David is a 40 year old single man who has dedicated his life to take care of his mother, who is suffering from dementia. Since we’re in the 90’s, there’s no internet dating services or other easy ways of getting to know someone, so in a desperate attempt to find someone he can share his life with, he signs up on Video Rendezvous, a video dating service (yes, this was a real thing back then). After failed attempts and little response, he one day comes over a VHS tape with the curious title Rent-A-Pal. Deciding to try it out, he brings it back home with him and meets his new friend Andy, who is sitting in a chair and pretending to have a real conversation with whoever is playing the VHS. Finding it awkward at first and struggling to make proper replies to Andy’s lines, he soon becomes accustomed to the conversations, and to David it feels like an actual friendship. Except, it’s just a simple VHS tape…or is it?


Rent-A-Pal is a well crafted psychological thriller, which gets pretty dark and depressing at times. Set in the 90’s, it does a very good job on recreating the era and makes it feel genuine. The portrayal of David and his dementia-suffering mother is both realistic and sad, without being dramatically overdone. It’s like seeing small glimpses of what an everyday life can be when taking care of someone with a condition like that. It is also interesting how the movie initially portrays David as a pretty nice guy, not the clichéd “loser” type or some new Norman Bates. He is genuinely caring and kind, and in one of his video dating performances he actually gives a really good and sympathetic speech about himself and his life, and how he takes care of his mother. However, the video dating service’s cameraman asks him to cut it down and have a re-take, so the end result ends up making him look like a total write-off instead. You can’t help but feeling sorry for the guy…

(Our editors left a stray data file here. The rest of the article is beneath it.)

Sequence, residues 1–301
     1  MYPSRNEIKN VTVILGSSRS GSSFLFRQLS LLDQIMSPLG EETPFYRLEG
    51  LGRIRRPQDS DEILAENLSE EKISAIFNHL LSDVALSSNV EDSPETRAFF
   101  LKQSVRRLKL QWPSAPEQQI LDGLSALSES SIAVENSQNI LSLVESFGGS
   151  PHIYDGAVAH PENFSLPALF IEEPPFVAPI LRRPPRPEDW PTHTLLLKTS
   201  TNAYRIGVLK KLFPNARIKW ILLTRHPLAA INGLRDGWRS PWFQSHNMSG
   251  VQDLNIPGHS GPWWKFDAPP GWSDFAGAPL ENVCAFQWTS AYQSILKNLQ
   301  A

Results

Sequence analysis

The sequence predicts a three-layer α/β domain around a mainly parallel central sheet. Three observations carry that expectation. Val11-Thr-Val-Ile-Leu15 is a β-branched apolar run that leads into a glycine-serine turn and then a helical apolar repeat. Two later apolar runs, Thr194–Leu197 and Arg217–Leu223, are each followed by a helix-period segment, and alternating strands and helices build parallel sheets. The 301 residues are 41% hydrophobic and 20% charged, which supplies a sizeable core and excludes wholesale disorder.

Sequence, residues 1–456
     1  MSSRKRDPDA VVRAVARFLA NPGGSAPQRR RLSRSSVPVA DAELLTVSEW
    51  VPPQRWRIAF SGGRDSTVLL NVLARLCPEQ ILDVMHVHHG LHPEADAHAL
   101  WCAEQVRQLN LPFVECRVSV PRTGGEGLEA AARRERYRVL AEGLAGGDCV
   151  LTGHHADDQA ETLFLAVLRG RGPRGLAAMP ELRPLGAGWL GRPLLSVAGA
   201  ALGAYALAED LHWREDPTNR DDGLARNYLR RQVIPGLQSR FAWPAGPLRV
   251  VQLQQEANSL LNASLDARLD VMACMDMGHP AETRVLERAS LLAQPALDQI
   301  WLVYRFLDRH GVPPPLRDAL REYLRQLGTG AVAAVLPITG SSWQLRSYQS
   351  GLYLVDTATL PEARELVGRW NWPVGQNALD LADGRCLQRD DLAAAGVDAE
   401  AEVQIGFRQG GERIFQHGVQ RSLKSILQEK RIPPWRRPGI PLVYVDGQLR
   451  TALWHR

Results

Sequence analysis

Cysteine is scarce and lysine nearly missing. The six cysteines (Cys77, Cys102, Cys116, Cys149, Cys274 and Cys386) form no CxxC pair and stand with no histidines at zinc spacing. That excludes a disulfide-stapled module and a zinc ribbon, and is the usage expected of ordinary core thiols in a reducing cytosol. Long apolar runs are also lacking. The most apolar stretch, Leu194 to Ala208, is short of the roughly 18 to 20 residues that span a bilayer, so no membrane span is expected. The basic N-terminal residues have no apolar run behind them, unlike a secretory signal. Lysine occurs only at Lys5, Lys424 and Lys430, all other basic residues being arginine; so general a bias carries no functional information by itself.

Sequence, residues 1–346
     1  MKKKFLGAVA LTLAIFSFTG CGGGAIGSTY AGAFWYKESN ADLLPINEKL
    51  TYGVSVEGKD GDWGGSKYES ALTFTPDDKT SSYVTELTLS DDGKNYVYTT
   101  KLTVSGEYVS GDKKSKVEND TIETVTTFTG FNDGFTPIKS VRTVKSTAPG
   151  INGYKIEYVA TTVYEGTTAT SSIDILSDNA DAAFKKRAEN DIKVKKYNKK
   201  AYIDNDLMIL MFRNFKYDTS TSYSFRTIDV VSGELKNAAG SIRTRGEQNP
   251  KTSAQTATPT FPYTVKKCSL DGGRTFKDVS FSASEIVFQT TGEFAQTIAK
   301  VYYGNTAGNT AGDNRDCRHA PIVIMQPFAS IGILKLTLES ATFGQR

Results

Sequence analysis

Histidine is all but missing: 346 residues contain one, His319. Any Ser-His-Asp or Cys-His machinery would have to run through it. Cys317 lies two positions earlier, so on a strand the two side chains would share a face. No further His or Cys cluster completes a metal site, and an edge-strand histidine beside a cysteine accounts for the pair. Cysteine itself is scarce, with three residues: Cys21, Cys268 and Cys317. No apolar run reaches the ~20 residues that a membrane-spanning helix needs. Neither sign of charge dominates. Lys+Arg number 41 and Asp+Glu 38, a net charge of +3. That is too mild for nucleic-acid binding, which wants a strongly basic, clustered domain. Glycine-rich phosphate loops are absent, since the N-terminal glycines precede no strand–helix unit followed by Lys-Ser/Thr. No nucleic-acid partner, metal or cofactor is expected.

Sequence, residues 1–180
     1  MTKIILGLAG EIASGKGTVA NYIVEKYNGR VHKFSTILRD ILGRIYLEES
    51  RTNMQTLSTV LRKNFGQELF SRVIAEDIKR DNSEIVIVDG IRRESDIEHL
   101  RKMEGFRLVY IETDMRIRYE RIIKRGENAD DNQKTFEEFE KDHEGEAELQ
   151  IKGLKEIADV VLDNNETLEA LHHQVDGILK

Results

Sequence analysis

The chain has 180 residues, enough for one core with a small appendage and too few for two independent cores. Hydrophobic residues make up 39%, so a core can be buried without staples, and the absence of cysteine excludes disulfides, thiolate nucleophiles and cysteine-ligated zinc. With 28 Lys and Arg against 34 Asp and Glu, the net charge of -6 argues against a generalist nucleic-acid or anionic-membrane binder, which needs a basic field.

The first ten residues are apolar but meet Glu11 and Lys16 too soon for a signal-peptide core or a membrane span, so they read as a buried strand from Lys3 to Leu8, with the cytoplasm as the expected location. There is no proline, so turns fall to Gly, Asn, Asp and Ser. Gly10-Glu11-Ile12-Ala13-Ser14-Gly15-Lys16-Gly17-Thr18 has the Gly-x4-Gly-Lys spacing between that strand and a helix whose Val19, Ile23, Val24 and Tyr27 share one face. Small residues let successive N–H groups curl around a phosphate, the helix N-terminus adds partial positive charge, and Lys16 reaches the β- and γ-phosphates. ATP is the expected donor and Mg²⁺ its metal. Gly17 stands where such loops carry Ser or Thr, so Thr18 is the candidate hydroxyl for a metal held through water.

When the Rent-A-Pal tape starts playing, you don’t really know what to expect, but it feels somewhat creepy and uncanny. There’s nothing explicitly wrong with it, it’s just a normal-looking guy sitting in a chair, pretending to be the viewer’s “friend”, asking questions and delivering simple statements and jokes. And David becomes more and more obsessed with watching the video. Andy, despite being pre-recorded, gives him exactly what he needs: someone who seems to care, someone he can talk to, someone who listens. So, it’s not real…but for David it starts feeling real, and he starts rewinding the tape to certain parts that fits with what he wants to tell Andy, and what he wants him to say. Well…we can all see a few red flags here already, right?